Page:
Donate clothes that are too small for you. Donate books to the library

Help someone learn something new. Share your expertise.

Volunteer.

Give our compliments to your friends.

 

Ugandan Girls Need Textbooks says 15-Year-old

Teen to Headmaster: Girls Need Their Own Textbooks

By: Moureen Kisakye7 hours ago

From our partner Women In Leadership Uganda

When I was 11 years old, my school days were hard like rocks because even if it rained cats and dogs I had to leave very early for school to be there for 7 a.m. Hunger and canes were my daily friends. We were hit with sticks for many different reasons: for being late, for not wearing the right socks, for dirty uniforms, for not finishing work. When we came late, we were told by our beloved teachers that “latecomers eat bones.” We were also hit for not putting on the proper school uniform at the school campus. Our teachers used to tell us that “You are caned because we want you to improve your academic performance.”

I also had to run barefoot the 20 kilometers (more the 12 miles) to and from school since my parents are poor like church mice and couldn’t afford shoes. This isn’t unusual in Uganda.

The transition into high school  wasn’t easy. I was a boarding student and made sure to sit in front so I could understand what the teacher was teaching, especially during mathematics and physics lessons.

At this level the studies were more complicated but the shortage of textbooks made the situation extreme. Especially for the girls in the class. One day, a mathematics teacher sent students for textbooks. He ordered the student to bring 50 books even though the class had 78 students. Boys were given one book each and girls were given one book on each desk. This meant that we girls had to share one book between four people while the boys read individually. After reading, the boys disturb the girls by taking our books from us. This practice is causing some of the female students to lose interest in their studies.

I don’t want to drop out of school. I want to become a doctor. At school I spend a lot of time on my science classes, including biology, chemistry and physics. But how am I supposed to study and learn and beat the boys in my class if I only get one quarter of a textbook to learn from?

This essay serves as my plea to the directors, headmaster and staff: Please buy more books and distribute them evenly among the students. I can’t help our people who suffer from malaria and diabetes unless you help me learn.

This story is part of Teen Voices at Women’s eNews. In 2013 Women’s eNews retained the 25-year-old magazine Teen Voices to continue and further its mission to improve the world for female teens through media. Teen Voices at Women’s eNews provides online stories and commentary about issues directly affecting female teens around the world, serving as an outlet for young women to share their experiences and views. Learn More.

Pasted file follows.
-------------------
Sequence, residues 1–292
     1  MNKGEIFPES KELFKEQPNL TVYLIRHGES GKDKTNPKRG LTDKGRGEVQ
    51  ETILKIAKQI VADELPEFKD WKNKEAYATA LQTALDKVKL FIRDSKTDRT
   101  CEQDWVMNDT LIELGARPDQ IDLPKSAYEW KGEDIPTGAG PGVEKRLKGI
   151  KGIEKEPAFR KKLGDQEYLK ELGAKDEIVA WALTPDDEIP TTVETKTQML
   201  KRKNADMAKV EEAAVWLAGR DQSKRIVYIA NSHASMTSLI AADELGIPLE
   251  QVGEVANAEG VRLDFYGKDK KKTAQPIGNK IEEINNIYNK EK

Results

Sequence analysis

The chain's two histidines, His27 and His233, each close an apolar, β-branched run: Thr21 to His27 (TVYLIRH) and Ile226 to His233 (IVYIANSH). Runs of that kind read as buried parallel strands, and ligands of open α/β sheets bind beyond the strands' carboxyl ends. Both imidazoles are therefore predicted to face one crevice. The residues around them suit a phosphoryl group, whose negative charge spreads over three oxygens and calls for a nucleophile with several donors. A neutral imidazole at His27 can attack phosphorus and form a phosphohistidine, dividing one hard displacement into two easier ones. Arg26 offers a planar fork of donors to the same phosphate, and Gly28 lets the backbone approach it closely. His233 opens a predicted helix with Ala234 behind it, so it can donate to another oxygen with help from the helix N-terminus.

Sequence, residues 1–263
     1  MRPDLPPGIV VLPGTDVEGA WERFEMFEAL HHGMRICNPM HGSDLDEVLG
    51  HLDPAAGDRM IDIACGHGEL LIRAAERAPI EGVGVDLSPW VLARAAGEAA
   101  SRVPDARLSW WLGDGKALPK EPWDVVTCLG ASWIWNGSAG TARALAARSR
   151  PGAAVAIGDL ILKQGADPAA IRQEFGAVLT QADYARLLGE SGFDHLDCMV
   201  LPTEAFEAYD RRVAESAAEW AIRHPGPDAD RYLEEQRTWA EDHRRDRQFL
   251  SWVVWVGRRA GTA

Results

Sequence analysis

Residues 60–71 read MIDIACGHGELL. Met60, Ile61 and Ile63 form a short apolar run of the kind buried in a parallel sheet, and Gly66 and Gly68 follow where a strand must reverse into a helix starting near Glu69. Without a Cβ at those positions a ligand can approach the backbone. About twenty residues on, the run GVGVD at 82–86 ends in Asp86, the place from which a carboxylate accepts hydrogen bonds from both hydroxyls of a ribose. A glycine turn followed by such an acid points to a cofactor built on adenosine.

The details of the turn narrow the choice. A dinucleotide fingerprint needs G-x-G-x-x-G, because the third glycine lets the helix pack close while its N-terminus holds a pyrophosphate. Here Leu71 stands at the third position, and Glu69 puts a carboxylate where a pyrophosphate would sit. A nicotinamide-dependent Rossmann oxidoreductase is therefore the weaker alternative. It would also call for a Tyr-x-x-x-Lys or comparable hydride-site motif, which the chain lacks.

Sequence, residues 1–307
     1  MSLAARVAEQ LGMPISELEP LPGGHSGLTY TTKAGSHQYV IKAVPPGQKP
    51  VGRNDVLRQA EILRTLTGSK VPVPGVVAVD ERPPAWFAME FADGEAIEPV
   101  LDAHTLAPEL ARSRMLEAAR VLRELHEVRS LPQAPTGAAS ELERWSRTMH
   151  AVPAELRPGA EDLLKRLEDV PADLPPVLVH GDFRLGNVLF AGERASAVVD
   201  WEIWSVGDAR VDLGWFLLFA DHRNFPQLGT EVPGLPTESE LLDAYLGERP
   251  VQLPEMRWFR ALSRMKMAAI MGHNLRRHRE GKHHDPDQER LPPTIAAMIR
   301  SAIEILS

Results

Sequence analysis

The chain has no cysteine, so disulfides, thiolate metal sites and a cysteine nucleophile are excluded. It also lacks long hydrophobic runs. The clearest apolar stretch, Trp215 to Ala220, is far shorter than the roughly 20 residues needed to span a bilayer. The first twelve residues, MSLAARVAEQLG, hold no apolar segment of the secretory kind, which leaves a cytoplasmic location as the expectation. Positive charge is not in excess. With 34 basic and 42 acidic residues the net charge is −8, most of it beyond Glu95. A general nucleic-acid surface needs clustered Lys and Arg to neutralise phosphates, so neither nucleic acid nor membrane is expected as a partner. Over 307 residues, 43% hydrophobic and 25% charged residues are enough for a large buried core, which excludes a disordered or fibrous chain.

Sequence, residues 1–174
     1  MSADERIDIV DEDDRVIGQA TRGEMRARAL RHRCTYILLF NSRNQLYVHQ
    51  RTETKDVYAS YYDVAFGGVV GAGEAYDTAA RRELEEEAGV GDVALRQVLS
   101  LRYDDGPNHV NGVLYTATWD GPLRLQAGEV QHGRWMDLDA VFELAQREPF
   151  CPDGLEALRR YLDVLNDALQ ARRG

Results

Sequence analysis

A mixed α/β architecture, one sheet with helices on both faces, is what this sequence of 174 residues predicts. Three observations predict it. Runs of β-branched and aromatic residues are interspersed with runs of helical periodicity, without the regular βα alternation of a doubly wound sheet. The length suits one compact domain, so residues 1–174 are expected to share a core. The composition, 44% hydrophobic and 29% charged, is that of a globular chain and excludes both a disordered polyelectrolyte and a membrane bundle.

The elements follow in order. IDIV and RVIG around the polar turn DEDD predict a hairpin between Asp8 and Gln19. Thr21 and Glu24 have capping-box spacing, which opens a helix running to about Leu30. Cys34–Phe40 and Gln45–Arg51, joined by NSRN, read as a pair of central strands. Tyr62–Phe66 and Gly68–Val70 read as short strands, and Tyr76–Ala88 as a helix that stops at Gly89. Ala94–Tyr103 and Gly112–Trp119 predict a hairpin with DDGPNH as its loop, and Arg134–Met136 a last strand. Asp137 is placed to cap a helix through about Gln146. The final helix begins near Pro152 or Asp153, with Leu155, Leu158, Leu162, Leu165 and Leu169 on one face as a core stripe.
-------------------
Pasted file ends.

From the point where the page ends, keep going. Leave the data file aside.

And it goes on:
ABOUT MOUREEN KISAKYE

Moureen Kisakye, 15, is a student at Townside High School in Busembatia, Uganda.

http://womensenews.org/2017/05/teen-to-headmaster-girls-need-their-own-textbooks/

Democracy Uprisings Led by Global Youth, a new book by Gayle Kimball

Democracy Uprisings Led by Global Youth

Gayle Kimball, Ph.D.

Fall 2017 publication

Table of Contents

Chapter 1: Who are Global Youth Activists?

Chapter 2: Recent Youth Revolutions Began in the Middle East

Chapter 3: Egypt’s 18-Day Revolution

Chapter 4: Turkey’s Gezi Park

Chapter 5: The Wave of European Uprisings

Chapter 6: Russia’s White Ribbon Movement

Chapter 7: China Human Rights Vs. The Party

Chapter 8: Prefigurative Movements in Latin America

Chapter 9: Youth Uprisings In North America

Other Books by the Author

50/50 Marriage (Beacon Press)

50/50 Parenting (Lexington Books)

Ed. Women’s Culture (Scarecrow Press)

Ed. Women’s Culture Revisited. (Scarecrow Press, 2005)

The Religious Ideas of Harriet Beecher Stowe. Edwin Mellen Press.

Essential Energy Tools book and 3 videos. (Equality Press)

21st Century Families: Blueprints for Family-Friendly Workplaces,

Schools and Governments. (Equality Press)

The Teen Trip: The Complete Resource Guide (Equality Press)

Ed. Everything You Need to Know to Succeed After College (Equality

Press)

How to Survive Your Parents’ Divorce (Equality Press)

Ed., Quick Healthy Recipes: Literacy Fundraiser (Equality Press)

Your Mindful Guide to Academic Success (Equality Press)

Ageism in Youth Studies: A Maligned Generation (Cambridge Scholars Publishing)

 Global Youth Values Transforming Our Future (Cambridge Scholars Publishing)

Tactics and Goals for Changemaking

Brave: The Global Girls’ Revolution